How do you win a championship? There are two schools of thought. Casey Stoner believed that the way you won world titles was by focusing on winning races. “If you win races, the championships will look after themselves,” he said when he was still racing.

Others argue that consistency is key, that you win titles by getting the best result available on the day, and hope that you don’t make mistakes. After all, Emilio Alzamora became 125cc World Champion in 1999 through sheer consistency, without winning a single race that season.

The riders in contention for the 2018 MotoGP title have mixed opinions about the best way to win a championship. Marc Márquez wanted to win every race he started in, until the 2015 Honda RC213V got the better of him, and he had to push too hard to try to be competitive, crashing himself out of contention.

Since then, he has tamed his approach, winning whenever possible, but understanding that sometimes, he has to grit his teeth and settle for whatever is available on the day.

Valentino Rossi, wily veteran that he is, follows the same approach, take what you can, where you can, and wait to see where it takes you. That’s how he came close to racking up title number ten in 2015, and that’s how he has remained in contention every season since he came back to Yamaha in 2013.

On Sunday night, Andrea Dovizioso affirmed that he was thinking about the championship in every race as well. “My approach to the race is always thinking about the championship,” the Ducati rider said. “If I fight for the championship or for another position, I always race for the championship.”

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From time to time, the media gets hoist by its own petard. A story comes along which everyone picks up and runs with, pushed to ever more dizzying heights of breathless commentary; what ifs, maybes, and wild speculation.

Professional sports are soap opera for men, as the great darts promoter Barry Hearn once said, and the logical corollary of that is that sports media extrapolate throwaway comments and a handful of facts into vast sweeping narratives.

Thus it was that what looked like the entire MotoGP media contingent packed into Honda’s hospitality unit to hear what Dani Pedrosa had to say during his media debrief. It was both genuinely impressive and actually quite frightening.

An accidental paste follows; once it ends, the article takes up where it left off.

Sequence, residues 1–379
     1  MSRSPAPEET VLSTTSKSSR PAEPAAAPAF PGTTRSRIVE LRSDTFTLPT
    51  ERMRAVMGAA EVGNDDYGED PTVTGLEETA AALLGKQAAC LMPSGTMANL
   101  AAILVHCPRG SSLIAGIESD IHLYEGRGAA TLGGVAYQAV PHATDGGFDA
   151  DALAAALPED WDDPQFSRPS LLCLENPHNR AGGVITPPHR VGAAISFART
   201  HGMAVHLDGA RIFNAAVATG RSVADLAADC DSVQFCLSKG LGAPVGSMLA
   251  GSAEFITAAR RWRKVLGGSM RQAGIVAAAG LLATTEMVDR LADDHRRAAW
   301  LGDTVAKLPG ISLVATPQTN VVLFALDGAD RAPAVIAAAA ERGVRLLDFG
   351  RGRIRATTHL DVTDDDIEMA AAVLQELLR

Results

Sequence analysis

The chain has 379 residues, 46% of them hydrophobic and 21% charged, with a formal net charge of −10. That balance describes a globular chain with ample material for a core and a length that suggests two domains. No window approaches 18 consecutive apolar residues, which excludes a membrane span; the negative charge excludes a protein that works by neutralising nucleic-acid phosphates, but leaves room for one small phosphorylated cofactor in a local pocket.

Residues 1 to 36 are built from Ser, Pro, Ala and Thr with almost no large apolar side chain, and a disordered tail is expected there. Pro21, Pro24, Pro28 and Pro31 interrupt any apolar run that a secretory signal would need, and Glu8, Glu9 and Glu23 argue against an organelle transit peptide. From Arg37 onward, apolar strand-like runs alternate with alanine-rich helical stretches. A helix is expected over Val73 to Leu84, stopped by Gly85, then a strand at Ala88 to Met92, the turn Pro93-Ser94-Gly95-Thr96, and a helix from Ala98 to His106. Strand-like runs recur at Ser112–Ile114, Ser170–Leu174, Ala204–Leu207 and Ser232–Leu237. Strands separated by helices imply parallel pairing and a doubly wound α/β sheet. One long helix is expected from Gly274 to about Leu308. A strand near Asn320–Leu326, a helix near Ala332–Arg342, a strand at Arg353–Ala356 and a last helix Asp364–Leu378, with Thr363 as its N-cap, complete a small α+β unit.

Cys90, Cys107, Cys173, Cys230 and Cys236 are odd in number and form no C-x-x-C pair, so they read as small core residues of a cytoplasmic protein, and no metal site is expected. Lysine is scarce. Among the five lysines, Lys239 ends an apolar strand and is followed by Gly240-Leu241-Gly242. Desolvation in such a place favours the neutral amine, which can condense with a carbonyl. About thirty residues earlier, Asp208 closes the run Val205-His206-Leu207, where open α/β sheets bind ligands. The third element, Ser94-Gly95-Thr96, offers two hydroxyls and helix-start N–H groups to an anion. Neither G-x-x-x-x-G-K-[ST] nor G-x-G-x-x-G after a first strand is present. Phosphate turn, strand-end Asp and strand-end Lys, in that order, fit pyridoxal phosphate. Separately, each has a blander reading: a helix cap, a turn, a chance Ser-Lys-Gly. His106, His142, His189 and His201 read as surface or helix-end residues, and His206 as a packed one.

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Sunday at Donington Park with Tony Goldsmith

05/28/2018 @ 9:41 am, by Tony GoldsmithADD COMMENTS

Looking back, it is always easy to identify the pivotal moments in a championship. Last year, it was the Barcelona test, when Honda brought a new chassis which gave Marc Márquez the confidence he had been lacking.

In 2015, it was arguably Motegi, where Valentino Rossi stayed ahead of Jorge Lorenzo, but the effort it took in the difficult conditions left him drained at the start of a long and exhausting set of flyaways.

In 2012 it was Misano, where a tire warmer got stuck to Dani Pedrosa’s brake disc, forcing him to start from the back of the grid, and leaving him in a position to get tangled up with Hector Barbera, and crash out of the race.

In the midst of a racing season, however, such pivotal points are much harder to identify. Or rather, all too easy to misidentify. After Estoril 2006, everyone thought that Nicky Hayden’s championship challenge was over.

Valentino Rossi’s heartbreaking engine blow up at Mugello looked like it would put paid to his shot at the 2016 title, but he still kept the fight alive for a long time.

Anything can happen during the course of a season, so when we look back at a season we can easily overlook the drama of a single race that seemed important at the time. 2015 is a case in point: there were so many twists and turns that it is hard to pinpoint a single turning point, so fans and followers tend to pick their own.